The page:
As Ally just brought up temp.. I'll ask tank size.....
The favorite method here for revovery and treatment is heat..
For ich and faster recovery of other things. It is an oldy but goody.
And it is the most effective in the long run. Meds are hard because you have to know for sure what you have or you wil just end up giving the poor fish heavy metal poisoning without ever touching the pathogen.
And the disease is strong it will allow a med bath to take effect.
For such a known to be hardy fish; Bettas are actually surprisingly susceptible to some meds used easily on other fish. Coppers are okay. They were effective and safe (as a heavy metal CAN be) for bettas even before todays more controlled doses.
Disease control in modern bettas is not my strongest suit..... I never even kept one so inbred and disease susceptible until I got my modern pet betta for Christmas. My daughter is breeding for show though and getting insider tips to have her up to date on betta keeping in the millenium. And those I can pass on as well. My main experience is rare species care, breeding and preventative..
And heat is best
in your situation; because of the medicated soup that "backyard" betta breeders keep their crowded fish in and the the poor treatment on their way to retail locations..
There are also two new strains of medication resistant and betta-first ich and gram negative bacteria running like gestapo over some well known and healthy lines. Columnaris is getting to be seen more often than before in bettas (resistant #3?)
Go to the how-to section and use the heat method. Bettas are indeed a tropical fish and love heat. Your temps are nice low range for them.. Because they are adaptable and hearty doesn't mean the common method of keeping at "room" temps doesn't stress their systems.
Pet store Betta will often stress if there are no untaken hidey holes in a community tank, and males are often the target not the agressor because they are slow and have to expose theirselves at the top when they re-fill the labyrinth. Also most pet bettas are pretty much older adults or at least a year old for the size (Giant betta are a new strain and no one shelling out for them yet is in the commercial breeding business..) and the average pet betta only lives a mere 2-5 years.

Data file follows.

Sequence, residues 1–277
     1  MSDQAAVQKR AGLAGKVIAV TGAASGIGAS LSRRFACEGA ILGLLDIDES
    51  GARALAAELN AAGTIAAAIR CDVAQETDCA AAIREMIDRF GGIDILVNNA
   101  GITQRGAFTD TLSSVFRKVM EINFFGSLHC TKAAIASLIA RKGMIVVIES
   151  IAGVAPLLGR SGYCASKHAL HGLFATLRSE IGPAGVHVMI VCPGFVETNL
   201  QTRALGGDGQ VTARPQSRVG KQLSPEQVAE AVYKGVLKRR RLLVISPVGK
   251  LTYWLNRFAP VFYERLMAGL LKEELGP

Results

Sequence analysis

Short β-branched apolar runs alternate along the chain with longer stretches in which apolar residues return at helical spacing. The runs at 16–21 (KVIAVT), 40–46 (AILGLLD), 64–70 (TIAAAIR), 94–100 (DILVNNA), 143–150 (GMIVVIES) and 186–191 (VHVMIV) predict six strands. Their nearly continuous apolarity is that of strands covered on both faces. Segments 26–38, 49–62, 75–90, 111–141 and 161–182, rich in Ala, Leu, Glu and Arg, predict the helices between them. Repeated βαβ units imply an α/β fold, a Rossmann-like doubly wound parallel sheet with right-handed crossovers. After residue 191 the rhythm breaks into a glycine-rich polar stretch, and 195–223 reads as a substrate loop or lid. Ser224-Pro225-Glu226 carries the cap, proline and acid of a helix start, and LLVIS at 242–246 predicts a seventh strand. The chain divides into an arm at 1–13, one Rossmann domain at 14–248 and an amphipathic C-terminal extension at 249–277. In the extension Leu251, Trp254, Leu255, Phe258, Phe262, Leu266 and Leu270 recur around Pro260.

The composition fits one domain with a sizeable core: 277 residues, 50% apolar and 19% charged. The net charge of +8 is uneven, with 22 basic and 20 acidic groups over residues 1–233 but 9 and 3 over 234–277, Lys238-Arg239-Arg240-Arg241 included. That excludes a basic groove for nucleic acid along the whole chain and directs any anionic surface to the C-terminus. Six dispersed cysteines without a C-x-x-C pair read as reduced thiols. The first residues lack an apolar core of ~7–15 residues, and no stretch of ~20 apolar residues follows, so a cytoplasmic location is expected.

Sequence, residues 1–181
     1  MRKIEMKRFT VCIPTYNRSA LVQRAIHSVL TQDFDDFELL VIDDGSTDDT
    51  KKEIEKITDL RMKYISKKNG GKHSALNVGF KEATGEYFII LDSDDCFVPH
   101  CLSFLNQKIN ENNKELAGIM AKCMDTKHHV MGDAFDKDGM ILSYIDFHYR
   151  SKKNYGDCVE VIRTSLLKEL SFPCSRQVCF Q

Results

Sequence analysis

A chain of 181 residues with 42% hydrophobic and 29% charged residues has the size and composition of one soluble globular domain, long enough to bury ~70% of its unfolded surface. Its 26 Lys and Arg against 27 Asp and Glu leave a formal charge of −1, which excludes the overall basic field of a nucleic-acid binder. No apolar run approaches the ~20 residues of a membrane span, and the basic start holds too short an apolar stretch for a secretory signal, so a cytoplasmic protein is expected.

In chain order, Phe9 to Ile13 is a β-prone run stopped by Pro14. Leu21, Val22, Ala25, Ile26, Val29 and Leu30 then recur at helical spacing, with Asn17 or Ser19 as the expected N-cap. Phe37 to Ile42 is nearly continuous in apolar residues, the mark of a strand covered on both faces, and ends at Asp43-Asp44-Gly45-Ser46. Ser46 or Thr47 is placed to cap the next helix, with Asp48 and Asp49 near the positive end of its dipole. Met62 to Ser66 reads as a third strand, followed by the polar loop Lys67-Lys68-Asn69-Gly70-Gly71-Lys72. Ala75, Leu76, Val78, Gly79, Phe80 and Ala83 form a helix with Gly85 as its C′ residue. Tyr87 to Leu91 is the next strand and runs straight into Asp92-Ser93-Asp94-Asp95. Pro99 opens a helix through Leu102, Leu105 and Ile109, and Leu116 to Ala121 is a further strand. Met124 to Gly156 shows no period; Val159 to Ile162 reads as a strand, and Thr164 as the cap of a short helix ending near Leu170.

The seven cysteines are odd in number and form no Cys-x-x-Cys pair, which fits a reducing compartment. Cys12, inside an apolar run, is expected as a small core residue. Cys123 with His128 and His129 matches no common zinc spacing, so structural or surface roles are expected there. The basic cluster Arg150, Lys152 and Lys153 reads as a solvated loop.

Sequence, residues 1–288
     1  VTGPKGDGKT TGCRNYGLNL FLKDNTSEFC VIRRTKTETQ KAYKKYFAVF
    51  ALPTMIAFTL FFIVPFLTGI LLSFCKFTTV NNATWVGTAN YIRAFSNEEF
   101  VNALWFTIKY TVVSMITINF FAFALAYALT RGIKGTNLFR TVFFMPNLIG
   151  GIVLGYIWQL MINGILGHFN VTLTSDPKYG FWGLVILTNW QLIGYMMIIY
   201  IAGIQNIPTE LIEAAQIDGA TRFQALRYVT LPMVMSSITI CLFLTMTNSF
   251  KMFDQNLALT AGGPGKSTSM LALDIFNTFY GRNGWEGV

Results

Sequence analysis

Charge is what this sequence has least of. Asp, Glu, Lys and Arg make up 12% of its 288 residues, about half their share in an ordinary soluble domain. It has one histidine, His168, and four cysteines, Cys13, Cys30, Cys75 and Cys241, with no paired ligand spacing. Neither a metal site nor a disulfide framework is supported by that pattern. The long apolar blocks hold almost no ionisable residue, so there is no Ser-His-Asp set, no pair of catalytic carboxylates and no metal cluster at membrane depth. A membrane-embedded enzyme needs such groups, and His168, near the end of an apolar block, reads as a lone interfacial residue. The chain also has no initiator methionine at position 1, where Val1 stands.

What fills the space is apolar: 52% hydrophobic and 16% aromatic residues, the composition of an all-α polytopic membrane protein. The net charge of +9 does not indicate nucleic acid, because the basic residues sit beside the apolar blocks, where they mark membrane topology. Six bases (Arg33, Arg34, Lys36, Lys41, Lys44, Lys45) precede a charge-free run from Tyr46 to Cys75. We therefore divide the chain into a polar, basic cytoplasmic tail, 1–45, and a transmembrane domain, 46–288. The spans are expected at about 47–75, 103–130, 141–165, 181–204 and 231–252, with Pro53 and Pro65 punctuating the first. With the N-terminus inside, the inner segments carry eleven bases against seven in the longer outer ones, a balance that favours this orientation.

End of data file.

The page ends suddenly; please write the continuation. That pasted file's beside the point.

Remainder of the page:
Melafix is VERY bad for bettas...that is why Bettafix had to be invented.
Bettas are often in pretty bad shape when people buy them. They seem fine until you see what a healthy one of the same type and color looks like. Because a community tank can stress a Betta (they like space..don't really mind company..if
they have a corner to call their own) they need a pretty good long quarrantine and some feeding up before putting them in a community. A male and female may even fight when you are not looking. So many suspicious fluffs of healing slime over shredded areas will emerge around gill plate, eye, lip and torn fins. I've seen some on gourami and panicked to identify it too... ^_^
Many bacterial diseases have always hit bettas hard because if it gets through the gills it has the moist warm labyrinth cavity to make as home.
The Betta were always kept as tropical fish until the introduction of the first commercial veiltails. So had many years with great conditions to get their bullet proof reputation. As a kid we always kept them as tropicals. Until, like I mentioned, I recieved my betta in the unheated mini tank this Christmas.. I never had a sick one... And I keep all my fish now at 80
So..It is really hard to say what is wrong yet. It depends if they seem to get sick overnight or over the the course of the week..